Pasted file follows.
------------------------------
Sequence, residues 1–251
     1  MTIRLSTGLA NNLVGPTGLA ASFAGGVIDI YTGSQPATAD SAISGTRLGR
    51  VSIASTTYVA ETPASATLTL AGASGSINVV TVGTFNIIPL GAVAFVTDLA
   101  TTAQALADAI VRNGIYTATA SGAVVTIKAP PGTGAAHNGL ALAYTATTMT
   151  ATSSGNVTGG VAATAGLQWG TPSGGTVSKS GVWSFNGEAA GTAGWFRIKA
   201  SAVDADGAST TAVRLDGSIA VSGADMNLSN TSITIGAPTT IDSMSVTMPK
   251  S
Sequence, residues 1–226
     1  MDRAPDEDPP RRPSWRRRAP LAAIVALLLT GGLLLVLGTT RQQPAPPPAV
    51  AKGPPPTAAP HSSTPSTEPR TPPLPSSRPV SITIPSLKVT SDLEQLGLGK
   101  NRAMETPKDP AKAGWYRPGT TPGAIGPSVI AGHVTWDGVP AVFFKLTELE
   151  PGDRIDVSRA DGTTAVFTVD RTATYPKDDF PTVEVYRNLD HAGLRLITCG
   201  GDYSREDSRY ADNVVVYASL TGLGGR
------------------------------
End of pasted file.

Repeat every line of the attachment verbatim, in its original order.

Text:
Sequence, residues 1–251
     1  MTIRLSTGLA NNLVGPTGLA ASFAGGVIDI YTGSQPATAD SAISGTRLGR
    51  VSIASTTYVA ETPASATLTL AGASGSINVV TVGTFNIIPL GAVAFVTDLA
   101  TTAQALADAI VRNGIYTATA SGAVVTIKAP PGTGAAHNGL ALAYTATTMT
   151  ATSSGNVTGG VAATAGLQWG TPSGGTVSKS GVWSFNGEAA GTAGWFRIKA
   201  SAVDADGAST TAVRLDGSIA VSGADMNLSN TSITIGAPTT IDSMSVTMPK
   251  S
Sequence, residues 1–226
     1  MDRAPDEDPP RRPSWRRRAP LAAIVALLLT GGLLLVLGTT RQQPAPPPAV
    51  AKGPPPTAAP HSSTPSTEPR TPPLPSSRPV SITIPSLKVT SDLEQLGLGK
   101  NRAMETPKDP AKAGWYRPGT TPGAIGPSVI AGHVTWDGVP AVFFKLTELE
   151  PGDRIDVSRA DGTTAVFTVD RTATYPKDDF PTVEVYRNLD HAGLRLITCG
   201  GDYSREDSRY ADNVVVYASL TGLGGR